Saag, Michael: Dr. Saag is director of the AIDS Outpatient Clinic and associate professor of medicine at the University of Alabama, Birmingham. He is also associate director for clinical care and therapeutics at the UAB AIDS Center. Dr. Saag's research activities focus on both clinical and basic aspects of the human immunodeficiency virus. He serves on several state and national advisory panels, including the NIH/NIAID AIDS Clinical Trials Group Executive Committee.
sagittal crest: A ridge of bone projecting up from the top midline of the skull, running from front to back. It serves as a muscle attachment area for the muscles that extend up the side of the head from the jaw. The presence of asagittal crest indicates extremely strong jaw muscles.
Schneider, Chris: A biologist and professor at Boston University whose research focuses on the evolution of vertebrate diversity in tropical systems and the scientific basis for conservation of tropical diversity. He uses a variety of molecular genetic methods, such as DNA sequencing, to study speciation, systematics, and biogeography of terrestrial vertebrates, with an emphasis on reptiles and amphibians.
Schultz, Ted R.: An ant systematist at the Smithsonian Institution, Dr. Schultz studies the evolution of the symbiosis between fungus-growing ants and the fungi they cultivate.
science: A way of knowing about the natural world based on observations and experiments that can be confirmed or disproved by other scientists using accepted scientific techniques.
Scopes, John: The 24-year-old teacher in the public high school in Dayton, Tenn., who was the defendant in the "monkey trial" of 1925. He agreed to be thefocus of a test case attacking a newly passed Tennessee state law against teaching evolution or any other theory denying the biblical account of the creation of man, and was arrested and tried, with the American Civil Liberties Union backing his defense.
Scott, Eugenie C.: A human biologist specializing in medical anthropology and skeletal biology. As executive director of the National Center for Science Education, Scott is an advocate of church/state separation in schools, ands peaks widely about science, evolution, and natural selection.
Scott, Matthew P.: A professor and researcher whose work in developmental biology explores how homeotic genes orchestrate differentiation and multicellular organization.
sedimentary rocks: Rocks composed of sediments, usually with a layered appearance. The sediments are composed of particles that come mostly from the weathering of pre-existing rocks, but often include material of organic origin; they are then transported and deposited by wind, water, or glacial ice. Sedimentary rocks are deposited mainly under water, usually in approximately horizontal layers (beds). Clastic sedimentary rocks are formed from the erosion and deposition of pre-existing rocks and are classified according to the size of the particles. Organically formed sedimentary rocks are derived from the remains of plants and animals (for example, limestone and coal). Chemically formed sedimentary rocks result from natural chemical processes and include sedimentary iron ores. Many sedimentary rocks contain fossils.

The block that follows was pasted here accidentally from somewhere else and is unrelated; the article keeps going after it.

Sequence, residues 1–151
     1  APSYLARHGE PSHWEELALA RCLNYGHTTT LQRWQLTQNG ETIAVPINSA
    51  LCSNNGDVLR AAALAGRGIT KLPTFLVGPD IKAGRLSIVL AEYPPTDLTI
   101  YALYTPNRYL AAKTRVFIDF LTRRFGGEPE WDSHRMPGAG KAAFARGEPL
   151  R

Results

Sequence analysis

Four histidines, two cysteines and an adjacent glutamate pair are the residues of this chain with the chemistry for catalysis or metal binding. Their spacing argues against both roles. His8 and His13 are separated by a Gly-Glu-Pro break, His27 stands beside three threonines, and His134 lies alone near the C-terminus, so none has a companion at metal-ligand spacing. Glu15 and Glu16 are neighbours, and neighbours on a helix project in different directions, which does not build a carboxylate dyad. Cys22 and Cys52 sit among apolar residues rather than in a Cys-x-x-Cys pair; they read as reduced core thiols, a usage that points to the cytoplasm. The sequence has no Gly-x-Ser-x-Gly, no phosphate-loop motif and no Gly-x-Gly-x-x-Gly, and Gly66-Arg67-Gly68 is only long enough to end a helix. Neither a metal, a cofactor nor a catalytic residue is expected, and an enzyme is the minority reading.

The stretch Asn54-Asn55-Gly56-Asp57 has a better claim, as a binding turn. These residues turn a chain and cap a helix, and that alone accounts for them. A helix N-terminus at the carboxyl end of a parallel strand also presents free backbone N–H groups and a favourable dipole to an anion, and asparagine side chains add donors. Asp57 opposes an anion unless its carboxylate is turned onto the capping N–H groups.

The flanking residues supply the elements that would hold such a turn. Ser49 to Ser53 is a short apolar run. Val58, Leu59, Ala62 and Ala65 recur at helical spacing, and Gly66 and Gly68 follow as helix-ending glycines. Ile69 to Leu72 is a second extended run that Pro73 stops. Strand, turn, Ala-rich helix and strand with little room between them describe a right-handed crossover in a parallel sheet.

selection: Synonym of natural selection.
selectionism: The theory that some class of evolutionary events, such as molecular or phenotypic changes, have mainly been caused by natural selection.
selective pressures: Environmental forces such as scarcity of food or extreme temperatures that result in the survival of only certain organisms with characteristics that provide resistance.
Senut, Brigitte: An anatomist at France's National Museum of Natural History. In2000, Senut and Martin Pickford discovered Orrorin tugensis, a proto-hominid dated at 6 million years old.
separate creation: The theory that species have separate origins and neverc hange after their origin. Most versions of the theory of separate creation are religiously inspired and suggest that the origin of species occurs by supernatural action.
sexually dimorphic: When males and females of a species have considerably different appearances, which may include size, coloration, or other features, such as special plumage.
sexual selection: A selection on mating behavior, either through competition among members of one sex (usually males) for access to members of the other sex or through choice by members of one sex (usually females) of certain members of the other sex. In sexual selection, individuals are favored by their fitness relative to other members of the same sex, whereas natural selection works on the fitness of a genotype relative to the whole population.
sex chromosome: The chromosome or chromosomes that influence sex determination. In mammals, including humans, the X and Y chromosomes are the sex chromosomes (females are XX, males XY). Compare with autosome.
Shubin, Neil: A paleontologist who is known for his work on early tetrapods (any creature with four limbs). He presented a hypothesis of general patterns of the development of tetrapod limbs which changed the way scientists think about this field. The study of limbs is crucial to evolutionary science; one example of why this is important is that human development would have been impossible without limbs.